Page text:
Building the Business of Biotech: Penn's Vagelos Program In Life Sciences and Management

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Media Contact:Greg Lester | | 215-573-6604November 17, 2005

PHILADELPHIA -- To meet the mounting intellectual demands of a rapidly evolving industry, the University of Pennsylvania is introducing the Roy and Diana Vagelos Program in Life Sciences and Management, a program that draws upon Penn's expertise in both science and business to train the next generation of biotech scholars and leaders.  

Through the program, students will gain fundamental science knowledge as well as the business acumen necessary to take advantage of trends in research and technology.  The LSM program is a joint effort of Penn's School of Arts and Sciences and Wharton School.  

"This program is new, yet long overdue, because it addresses a basic need the need for decision makers and leaders whose understanding of the life sciences gives them a basis for decisive leadership in the business of biotech in its many guises," said Philip A. Rea, the Penn biology professor who will co-direct the program with Wharton professor Mark V. Pauly.

Students in the program will learn the basics of the life sciences, how living things work and its significance for a number of areas, ranging from healthcare, pharmaceutical and agricultural biotechnology to environmental protection and remediation.  At the same time they will learn the essentials of the business end of for-profit, non-profit, government and public activities in these areas.

The program, established through a gift from P. Roy Vagelos and his wife, Diana, strives to prepare students for what Vagelos describes as "careers that are grounded in a real knowledge of the life sciences."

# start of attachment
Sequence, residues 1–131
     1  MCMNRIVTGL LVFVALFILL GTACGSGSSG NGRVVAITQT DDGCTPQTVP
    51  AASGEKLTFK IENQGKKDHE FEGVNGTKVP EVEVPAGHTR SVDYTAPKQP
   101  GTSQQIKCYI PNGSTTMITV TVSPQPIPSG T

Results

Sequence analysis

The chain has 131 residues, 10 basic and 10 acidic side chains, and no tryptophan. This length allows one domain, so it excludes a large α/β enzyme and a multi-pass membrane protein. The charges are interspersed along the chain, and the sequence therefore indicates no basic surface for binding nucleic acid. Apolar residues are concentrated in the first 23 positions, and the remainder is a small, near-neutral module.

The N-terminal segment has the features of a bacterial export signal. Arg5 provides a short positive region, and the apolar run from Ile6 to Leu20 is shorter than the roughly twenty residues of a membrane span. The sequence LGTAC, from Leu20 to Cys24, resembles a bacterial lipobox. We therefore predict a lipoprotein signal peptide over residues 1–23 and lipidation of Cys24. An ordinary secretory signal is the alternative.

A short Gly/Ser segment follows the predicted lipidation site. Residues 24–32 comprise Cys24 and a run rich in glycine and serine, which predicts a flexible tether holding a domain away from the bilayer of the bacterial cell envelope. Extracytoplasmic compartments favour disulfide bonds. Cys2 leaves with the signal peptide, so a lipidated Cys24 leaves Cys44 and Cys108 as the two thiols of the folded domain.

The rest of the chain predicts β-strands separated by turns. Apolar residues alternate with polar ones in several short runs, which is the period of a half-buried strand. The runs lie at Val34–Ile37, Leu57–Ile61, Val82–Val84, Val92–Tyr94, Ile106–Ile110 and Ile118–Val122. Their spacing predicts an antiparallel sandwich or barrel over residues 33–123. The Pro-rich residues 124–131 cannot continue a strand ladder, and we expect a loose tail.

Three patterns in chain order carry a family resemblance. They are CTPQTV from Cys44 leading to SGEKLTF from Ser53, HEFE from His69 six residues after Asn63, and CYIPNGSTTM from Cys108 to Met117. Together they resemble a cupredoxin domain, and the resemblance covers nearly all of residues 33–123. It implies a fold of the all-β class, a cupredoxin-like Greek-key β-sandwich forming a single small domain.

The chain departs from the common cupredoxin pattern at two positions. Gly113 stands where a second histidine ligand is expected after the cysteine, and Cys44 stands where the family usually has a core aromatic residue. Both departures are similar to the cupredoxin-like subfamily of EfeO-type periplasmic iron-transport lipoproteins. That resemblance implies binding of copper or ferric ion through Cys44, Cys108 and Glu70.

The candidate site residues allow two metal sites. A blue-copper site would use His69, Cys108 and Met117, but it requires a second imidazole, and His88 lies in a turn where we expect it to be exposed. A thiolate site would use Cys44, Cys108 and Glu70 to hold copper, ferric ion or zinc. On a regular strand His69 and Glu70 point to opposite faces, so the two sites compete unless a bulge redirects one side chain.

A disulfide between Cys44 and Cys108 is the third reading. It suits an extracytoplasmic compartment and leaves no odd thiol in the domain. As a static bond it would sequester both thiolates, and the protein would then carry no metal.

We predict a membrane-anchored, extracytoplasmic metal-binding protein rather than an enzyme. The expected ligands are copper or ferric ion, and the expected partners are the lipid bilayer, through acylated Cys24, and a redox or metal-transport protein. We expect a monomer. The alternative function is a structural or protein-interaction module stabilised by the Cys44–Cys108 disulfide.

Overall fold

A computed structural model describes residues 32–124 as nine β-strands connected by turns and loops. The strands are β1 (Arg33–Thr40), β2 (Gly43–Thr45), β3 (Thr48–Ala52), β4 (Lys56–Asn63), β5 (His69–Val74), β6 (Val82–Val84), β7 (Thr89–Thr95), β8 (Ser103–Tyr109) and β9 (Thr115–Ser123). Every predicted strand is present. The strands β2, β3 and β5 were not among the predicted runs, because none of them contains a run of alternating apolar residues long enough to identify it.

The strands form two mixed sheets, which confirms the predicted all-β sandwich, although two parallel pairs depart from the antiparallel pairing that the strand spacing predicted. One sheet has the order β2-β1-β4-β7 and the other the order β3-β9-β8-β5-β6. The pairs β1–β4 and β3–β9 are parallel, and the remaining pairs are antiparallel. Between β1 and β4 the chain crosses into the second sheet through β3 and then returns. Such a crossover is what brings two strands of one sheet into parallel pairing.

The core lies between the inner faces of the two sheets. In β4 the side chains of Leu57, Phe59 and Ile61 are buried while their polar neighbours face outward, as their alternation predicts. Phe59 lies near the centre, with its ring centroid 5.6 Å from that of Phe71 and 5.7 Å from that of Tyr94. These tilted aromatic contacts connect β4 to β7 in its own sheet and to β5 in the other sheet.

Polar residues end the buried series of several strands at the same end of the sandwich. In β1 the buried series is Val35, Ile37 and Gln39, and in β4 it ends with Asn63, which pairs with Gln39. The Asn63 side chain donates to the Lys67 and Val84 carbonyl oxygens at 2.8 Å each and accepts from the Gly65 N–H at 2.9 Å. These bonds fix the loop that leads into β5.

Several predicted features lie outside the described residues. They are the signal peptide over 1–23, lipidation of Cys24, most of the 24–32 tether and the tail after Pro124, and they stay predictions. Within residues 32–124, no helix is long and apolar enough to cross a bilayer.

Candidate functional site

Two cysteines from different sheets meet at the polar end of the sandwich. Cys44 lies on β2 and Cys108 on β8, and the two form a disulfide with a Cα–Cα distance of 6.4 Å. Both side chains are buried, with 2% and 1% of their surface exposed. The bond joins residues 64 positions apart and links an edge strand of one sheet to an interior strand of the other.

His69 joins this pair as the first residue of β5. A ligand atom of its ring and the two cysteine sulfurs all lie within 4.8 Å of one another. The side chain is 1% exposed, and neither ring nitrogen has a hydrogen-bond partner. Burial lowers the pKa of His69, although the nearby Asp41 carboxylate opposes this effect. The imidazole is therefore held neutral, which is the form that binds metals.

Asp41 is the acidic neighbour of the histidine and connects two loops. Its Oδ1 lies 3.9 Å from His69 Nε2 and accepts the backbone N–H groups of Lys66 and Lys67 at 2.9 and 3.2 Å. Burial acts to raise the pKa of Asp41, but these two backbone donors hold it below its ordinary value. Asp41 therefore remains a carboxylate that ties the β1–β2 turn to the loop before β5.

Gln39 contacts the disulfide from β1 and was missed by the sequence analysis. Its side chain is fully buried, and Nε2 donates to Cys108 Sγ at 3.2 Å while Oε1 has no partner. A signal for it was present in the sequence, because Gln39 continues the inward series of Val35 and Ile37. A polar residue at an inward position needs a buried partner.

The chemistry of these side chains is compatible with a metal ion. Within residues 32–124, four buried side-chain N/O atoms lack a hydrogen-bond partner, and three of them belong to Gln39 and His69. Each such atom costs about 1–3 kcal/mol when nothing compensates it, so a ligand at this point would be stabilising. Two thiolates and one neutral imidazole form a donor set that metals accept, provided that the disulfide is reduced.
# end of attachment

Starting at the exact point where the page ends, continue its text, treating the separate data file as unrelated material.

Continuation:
As head of research from 1975 to 1985 and then as CEO, Vagelos turned Merck into a pharmaceutical powerhouse through a series of breakthrough drugs and was widely considered one of the most influential leaders in American business.

"You might say that Roy Vagelos is our exemplar.  He is a leader who combined remarkably effective business skills with a fundamental understanding of science," Rea said.

The program will be highly selective, with 25 undergraduates admitted per year beginning with the class entering in the fall of 2006.  In addition to program-specific coursework and intensive faculty mentoring of their laboratory research, students will gain practical experience through paid summer internships in lab and managerial settings.  

The program offers two single degree tracks under a common philosophy: the integration of management and science curricula. Upon graduating, students will receive either a Bachelor of Arts in a science major or a Bachelor of Science in economics.

Many current Penn students with interests in science, medicine and entrepreneurial initiatives in the life sciences now pursue dual degrees, joint degrees or traditional minors to combine life sciences and management.  This new program will streamline and mainstream this option, reducing the total course burden, and create a means of self-identification among students with similar interests.

"Ours is the only program of this type that allows extensive coursework integrating undergraduate management and science curricula," Pauly said.  "I have spent years collaborating with scientists and corporate leaders so I am pleased to help bring to life a program that is so vitally needed."